My paternal grandmother, Bobe, used to make two kinds of gefilte fish every Friday: the white or traditional one, and the red or a la Veracruzana. The moment you sat down, she made you choose: “Which do you want, mamele, white or red?”

Invariably, after you chose, she’d ask, “You don’t like the way I make the other one?”

She’d barge in, make room on your plate and serve you the kind you hadn’t picked, right next to the one you had. She’d wait for you to taste it and tell her how good the one you hadn’t chosen was. Then, she would eat some right off your plate.

Having come from tiny shtetls in the Polish countryside, both she and my grandfather arrived in Mexico when very young. The country gave them an opportunity to start a life away from pogroms.

They worked hard and made a simple, but good life for themselves. Though they were humble and with little in savings, every Friday they had a bountiful table full of food for their three grown children and their families—ten granddaughters in total! Nope, not a single grandson.

Mexico also brought so many flavors to Bobe’s traditional foods. At the table there was petchah (chicken foot jelly!) that could be garnished with a salsa verde cruda. Gribenes (chicken cracklings) were tucked into warm corn tortillas with a heaping spoonful of fresh guacamole. The crispiest potato kugel, a stew that always had falling-apart meat and soupy prune or carrot tzimmes were there as well. To finish, it was her prized chocolate babka spiked with Mexican canela.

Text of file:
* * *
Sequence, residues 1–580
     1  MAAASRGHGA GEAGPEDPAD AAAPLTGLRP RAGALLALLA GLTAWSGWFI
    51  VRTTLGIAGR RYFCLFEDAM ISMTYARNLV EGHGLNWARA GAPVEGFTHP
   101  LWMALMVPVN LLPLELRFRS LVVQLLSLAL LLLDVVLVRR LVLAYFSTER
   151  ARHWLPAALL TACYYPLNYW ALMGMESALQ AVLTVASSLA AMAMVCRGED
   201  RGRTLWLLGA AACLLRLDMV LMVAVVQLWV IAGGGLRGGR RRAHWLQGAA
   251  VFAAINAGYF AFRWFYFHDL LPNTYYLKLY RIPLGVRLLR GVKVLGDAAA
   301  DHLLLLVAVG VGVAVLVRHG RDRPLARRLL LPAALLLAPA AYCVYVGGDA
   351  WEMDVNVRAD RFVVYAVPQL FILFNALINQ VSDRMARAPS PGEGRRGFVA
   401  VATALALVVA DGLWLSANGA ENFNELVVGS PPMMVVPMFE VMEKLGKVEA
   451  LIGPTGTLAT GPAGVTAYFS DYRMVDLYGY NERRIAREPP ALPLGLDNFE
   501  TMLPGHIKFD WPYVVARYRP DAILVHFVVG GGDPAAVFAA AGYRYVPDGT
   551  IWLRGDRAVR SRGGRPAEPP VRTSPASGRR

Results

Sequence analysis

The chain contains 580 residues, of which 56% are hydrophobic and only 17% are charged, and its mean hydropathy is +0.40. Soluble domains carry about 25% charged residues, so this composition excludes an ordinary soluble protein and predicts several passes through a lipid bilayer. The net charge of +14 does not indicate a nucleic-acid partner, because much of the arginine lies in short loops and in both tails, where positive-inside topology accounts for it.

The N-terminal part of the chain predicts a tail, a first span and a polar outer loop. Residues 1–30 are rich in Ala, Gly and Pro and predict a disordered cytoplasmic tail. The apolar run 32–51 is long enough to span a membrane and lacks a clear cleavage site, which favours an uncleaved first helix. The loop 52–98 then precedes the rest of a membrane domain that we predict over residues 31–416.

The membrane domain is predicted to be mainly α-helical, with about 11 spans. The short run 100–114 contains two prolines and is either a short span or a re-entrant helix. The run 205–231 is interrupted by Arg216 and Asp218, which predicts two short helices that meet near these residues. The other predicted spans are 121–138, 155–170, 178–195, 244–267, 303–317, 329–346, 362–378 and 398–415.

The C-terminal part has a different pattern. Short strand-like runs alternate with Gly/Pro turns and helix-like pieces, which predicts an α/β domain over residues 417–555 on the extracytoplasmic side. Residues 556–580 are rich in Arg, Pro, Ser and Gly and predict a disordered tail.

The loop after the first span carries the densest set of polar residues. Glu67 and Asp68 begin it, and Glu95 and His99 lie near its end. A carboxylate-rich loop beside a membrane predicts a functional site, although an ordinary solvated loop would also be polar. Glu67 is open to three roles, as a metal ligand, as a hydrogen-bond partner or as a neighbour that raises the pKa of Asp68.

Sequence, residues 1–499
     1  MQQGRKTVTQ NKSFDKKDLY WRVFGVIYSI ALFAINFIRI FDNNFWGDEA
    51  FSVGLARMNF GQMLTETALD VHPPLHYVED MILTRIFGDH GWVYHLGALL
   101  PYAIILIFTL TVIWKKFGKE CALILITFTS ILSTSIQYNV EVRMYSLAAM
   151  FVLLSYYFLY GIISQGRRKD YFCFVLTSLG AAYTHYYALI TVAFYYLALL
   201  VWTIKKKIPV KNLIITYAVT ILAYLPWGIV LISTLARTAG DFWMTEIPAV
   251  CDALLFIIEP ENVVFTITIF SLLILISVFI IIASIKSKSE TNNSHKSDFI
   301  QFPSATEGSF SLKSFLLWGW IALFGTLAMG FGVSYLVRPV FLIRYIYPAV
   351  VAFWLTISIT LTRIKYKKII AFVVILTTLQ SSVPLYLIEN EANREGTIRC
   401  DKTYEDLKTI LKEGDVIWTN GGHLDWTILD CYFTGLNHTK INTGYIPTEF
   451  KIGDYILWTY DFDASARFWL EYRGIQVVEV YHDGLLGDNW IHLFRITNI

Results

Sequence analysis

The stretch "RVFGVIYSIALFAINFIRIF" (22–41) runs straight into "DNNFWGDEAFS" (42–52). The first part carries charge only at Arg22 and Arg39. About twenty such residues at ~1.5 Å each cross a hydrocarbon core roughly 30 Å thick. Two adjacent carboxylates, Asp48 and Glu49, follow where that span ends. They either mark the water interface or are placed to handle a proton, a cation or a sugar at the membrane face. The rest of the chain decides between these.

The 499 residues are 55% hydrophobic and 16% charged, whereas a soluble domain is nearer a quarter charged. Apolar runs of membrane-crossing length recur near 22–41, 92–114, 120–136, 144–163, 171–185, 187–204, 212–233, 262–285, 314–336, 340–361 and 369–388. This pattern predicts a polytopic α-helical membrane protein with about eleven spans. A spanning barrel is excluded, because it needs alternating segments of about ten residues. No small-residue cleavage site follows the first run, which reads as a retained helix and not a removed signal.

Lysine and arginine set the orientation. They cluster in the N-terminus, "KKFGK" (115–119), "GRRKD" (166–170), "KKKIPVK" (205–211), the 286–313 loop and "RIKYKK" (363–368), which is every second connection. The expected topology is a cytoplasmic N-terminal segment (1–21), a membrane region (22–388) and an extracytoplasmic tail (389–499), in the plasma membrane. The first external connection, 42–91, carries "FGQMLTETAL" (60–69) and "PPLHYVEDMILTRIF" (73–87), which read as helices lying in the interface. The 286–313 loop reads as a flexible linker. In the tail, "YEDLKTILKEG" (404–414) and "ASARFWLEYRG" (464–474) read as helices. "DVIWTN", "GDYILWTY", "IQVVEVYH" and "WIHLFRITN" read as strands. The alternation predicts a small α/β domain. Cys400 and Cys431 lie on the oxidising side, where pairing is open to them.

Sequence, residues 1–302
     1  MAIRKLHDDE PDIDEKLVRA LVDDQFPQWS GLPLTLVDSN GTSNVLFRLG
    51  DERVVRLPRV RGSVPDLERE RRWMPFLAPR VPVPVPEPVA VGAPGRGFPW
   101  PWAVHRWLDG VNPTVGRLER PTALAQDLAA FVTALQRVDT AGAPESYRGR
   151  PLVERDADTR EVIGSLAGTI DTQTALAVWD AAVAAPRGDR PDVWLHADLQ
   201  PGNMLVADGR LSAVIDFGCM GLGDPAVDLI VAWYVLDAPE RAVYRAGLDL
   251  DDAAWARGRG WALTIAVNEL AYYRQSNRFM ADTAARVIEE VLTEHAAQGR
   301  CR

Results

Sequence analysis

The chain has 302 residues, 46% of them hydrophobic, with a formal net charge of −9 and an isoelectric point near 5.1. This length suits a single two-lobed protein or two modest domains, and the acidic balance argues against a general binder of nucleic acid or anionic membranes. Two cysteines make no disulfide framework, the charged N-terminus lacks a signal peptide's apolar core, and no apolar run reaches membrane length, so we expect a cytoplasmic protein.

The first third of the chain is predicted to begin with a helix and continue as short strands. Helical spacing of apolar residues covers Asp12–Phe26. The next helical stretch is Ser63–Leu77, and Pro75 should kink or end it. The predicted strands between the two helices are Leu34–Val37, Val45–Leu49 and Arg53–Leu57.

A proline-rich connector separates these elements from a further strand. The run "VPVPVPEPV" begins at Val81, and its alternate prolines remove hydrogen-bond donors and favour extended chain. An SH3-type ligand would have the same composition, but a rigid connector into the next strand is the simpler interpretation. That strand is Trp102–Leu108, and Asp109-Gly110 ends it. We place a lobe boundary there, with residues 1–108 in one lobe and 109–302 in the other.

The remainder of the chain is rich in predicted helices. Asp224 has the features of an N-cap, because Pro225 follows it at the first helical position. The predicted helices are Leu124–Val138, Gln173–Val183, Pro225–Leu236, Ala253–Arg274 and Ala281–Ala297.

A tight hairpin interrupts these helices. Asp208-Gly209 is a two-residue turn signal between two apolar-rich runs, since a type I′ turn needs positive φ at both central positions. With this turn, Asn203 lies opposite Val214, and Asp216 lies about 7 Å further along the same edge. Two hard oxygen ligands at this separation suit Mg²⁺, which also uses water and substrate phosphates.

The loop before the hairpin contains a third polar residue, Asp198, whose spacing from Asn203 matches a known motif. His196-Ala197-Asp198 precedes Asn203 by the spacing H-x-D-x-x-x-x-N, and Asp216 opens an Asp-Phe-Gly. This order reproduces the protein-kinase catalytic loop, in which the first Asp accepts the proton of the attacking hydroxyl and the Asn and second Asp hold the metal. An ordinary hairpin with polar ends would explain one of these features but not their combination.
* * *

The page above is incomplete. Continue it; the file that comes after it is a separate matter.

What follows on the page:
Yet, nothing beat her Mexican-style gefilte fish, aka the red one.

The red is different from the white in so many ways. The white, or traditional, is made by combining ground fish filets, white onion, carrots, eggs and matzah meal and shaping them into patties that are poached in a stock made with the head, tail and bones of the fish. It is refrigerated, covered with this same fish stock, which turns gelatinous as it cools (a delicacy if you have the acquired taste). It is served cold.

The red uses the same fish mixture, but it is poached in a thick and spiced up tomato sauce enriched with capers, green olives and mild pickled peppers. It is served hot. Everyone in my family is wild about it.

The red sauce is called Veracruzana because it comes from the state of Veracruz, which geographically seems to embrace the Gulf of Mexico. The Veracruzana sauce is traditionally served over large fish, and its flavors showcase the intermarriage of Spanish and Mexican ingredients that took place throughout the years of Spanish colonization. It was through the port of Veracruz that most European immigrants came into Mexico, like my Bobe.

One heck of a cook she was, with her treasured jar of shmaltz in the refrigerator ready to be scooped out and used on almost anything. She was as generous in her cooking as she was in life. After my parents divorced when I was an early teen, she would put money in my backpack or my jacket, without me noticing, every time I visited. She knew I didn’t want to take it, as she didn’t have any extra to give out.

I never had the chance to serve Veracruzana gefilte fish from my kitchen to my Bobe. She passed away just a couple months ago, and oh man, I wish I had. She would have been so proud. She probably would have asked me, “Why, mamele, you didn’t like the white?”

My gefilte fish will always be for you, Bobe. And just so you know, I always make the red and the white. I miss you so badly.